After graduating last May, Alana Paterson, Biology, Secondary Education; Chris McCollum, Physics, Secondary Education and Chris Kolischak, Middle Grades Education with a concentration in Science, became the first graduates of the TEAMS: Noyce Scholars program at Appalachian State University.
The Teaching for Equity in Appalachia in Mathematics and Science (TEAMS) program at Appalachian aims to support outstanding mathematics and science students in becoming high school math or science teachers. The program provides students with generous scholarships, collaborative field experiences, faculty mentors and professional development opportunities. In exchange for the support of the TEAMS: Noyce scholarship programs, graduates teach in a high-needs school or district for two years per year for which they receive scholarship support.
Alana Patterson has completed her first year at Watauga High School in Boone, N.C. teaching biology. She uses interactive notebooks to help students engage with the content and continually review for end of year testing. She hopes to continue to develop positive relationships and is excited to be starting her second year at Watauga High School this fall.
“Being a Noyce Scholar allowed me to have a network of educators that are willing to provide any help that I may need,” said Patterson. “I was provided with opportunities to attend conventions and professional development that helped me grow as an educator. I am very happy that I am part of this program.”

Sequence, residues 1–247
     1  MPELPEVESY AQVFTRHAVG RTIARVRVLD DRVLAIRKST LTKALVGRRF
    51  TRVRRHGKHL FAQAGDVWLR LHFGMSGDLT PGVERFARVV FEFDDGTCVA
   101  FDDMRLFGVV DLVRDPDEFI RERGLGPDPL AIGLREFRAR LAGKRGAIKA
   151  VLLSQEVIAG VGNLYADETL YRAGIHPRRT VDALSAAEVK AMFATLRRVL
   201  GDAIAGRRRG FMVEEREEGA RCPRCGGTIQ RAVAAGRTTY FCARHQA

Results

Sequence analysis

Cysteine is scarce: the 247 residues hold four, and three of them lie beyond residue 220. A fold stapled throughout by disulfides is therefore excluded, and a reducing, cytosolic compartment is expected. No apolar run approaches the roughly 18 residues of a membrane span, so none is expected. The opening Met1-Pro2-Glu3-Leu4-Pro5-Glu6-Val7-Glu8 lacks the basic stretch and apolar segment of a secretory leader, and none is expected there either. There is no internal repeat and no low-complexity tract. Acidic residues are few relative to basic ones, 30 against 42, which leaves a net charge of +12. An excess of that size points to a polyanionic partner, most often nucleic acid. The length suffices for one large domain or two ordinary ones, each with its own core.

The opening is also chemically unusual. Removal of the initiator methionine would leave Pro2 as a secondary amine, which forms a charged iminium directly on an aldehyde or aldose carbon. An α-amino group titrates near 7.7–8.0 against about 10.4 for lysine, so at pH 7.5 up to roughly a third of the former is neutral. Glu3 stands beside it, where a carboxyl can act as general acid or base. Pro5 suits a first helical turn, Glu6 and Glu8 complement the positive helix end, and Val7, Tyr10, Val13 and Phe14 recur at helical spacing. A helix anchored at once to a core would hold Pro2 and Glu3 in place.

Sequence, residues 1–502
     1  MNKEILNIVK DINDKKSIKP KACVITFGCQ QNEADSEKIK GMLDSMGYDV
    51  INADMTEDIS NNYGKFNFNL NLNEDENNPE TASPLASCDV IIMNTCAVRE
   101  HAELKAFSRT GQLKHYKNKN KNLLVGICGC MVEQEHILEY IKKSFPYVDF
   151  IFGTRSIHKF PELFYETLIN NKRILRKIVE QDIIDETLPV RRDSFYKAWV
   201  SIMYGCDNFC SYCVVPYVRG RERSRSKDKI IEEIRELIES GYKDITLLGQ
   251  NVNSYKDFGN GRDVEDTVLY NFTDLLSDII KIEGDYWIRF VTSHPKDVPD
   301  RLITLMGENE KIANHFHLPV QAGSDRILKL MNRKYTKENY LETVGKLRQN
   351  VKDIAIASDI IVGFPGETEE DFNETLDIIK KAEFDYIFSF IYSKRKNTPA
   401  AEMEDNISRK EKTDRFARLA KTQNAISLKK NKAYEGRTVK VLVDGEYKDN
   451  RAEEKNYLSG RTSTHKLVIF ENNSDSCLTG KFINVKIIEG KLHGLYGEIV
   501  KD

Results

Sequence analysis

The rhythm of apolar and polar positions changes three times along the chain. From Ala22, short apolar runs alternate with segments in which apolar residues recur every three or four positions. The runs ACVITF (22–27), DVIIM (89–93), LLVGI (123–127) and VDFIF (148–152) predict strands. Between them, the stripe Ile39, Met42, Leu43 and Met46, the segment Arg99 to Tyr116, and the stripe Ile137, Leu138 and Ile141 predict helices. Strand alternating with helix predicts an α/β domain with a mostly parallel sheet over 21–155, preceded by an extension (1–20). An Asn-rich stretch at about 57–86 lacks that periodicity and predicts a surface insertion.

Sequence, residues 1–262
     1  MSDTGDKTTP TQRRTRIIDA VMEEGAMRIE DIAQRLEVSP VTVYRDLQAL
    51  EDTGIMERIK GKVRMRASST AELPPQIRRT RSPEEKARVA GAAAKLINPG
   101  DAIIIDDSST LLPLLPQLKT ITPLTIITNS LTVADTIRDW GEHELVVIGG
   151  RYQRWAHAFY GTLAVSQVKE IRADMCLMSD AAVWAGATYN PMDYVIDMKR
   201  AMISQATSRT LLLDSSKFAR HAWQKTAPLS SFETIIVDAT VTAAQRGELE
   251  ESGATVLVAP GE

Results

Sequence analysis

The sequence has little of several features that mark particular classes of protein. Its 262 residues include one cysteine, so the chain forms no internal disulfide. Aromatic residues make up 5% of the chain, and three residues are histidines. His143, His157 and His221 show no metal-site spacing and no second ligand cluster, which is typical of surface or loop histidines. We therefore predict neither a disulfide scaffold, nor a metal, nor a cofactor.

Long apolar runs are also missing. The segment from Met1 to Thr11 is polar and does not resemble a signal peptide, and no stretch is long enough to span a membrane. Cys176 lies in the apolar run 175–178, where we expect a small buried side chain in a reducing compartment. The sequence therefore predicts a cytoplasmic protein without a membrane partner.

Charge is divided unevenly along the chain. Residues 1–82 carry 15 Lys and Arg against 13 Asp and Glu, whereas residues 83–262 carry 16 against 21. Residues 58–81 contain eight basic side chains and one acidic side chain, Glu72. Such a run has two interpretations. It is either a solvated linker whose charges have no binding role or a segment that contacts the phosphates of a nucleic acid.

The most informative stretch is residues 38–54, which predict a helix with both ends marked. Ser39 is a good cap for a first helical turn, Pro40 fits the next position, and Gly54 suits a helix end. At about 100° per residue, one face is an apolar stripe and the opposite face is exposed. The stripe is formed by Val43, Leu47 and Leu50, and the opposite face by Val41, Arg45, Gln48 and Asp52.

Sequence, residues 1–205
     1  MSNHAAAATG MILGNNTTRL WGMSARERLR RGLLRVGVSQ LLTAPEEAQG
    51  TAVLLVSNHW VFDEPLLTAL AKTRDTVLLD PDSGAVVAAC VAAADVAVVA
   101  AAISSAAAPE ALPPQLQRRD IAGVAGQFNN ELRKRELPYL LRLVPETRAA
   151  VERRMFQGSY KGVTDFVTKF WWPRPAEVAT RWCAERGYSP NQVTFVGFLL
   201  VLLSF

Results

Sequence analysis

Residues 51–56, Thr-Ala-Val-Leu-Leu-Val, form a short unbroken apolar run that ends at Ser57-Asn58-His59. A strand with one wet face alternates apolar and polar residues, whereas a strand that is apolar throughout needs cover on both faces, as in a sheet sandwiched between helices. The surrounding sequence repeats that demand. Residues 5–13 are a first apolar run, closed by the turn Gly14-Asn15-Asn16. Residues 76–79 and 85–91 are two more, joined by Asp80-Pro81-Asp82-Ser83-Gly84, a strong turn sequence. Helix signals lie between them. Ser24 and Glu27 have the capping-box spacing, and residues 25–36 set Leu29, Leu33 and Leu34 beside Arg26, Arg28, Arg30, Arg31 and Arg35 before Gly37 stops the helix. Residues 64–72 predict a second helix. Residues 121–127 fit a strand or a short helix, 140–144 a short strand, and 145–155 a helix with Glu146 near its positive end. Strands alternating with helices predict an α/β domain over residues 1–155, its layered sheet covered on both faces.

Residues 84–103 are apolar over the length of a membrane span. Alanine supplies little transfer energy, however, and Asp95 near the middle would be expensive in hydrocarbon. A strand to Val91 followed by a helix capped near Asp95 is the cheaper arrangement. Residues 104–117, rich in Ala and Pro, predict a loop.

Chris McCollum teaches physical science at Alexander Central High School, and plans to build up the physics program there. He completed a philosophy and religion degree in 2005 at Appalachian but returned to complete his teaching degree in physics in 2017. Having worked with students as a counselor, youth minister and school bus driver, he knew he wanted to share his enthusiasm for building and understanding how things work with others.
“The NOYCE scholarship was a huge help at school to let me focus on getting the education I needed to teach. It was great to be brought together with a community of science and math educators to focus on better teaching methods,” said McCollum. “During my first year teaching the Noyce Scholars team has continued to be very supportive and focused on getting me the resources and training I needed to stay up to date on my teaching skills.”
Read the full story to learn more.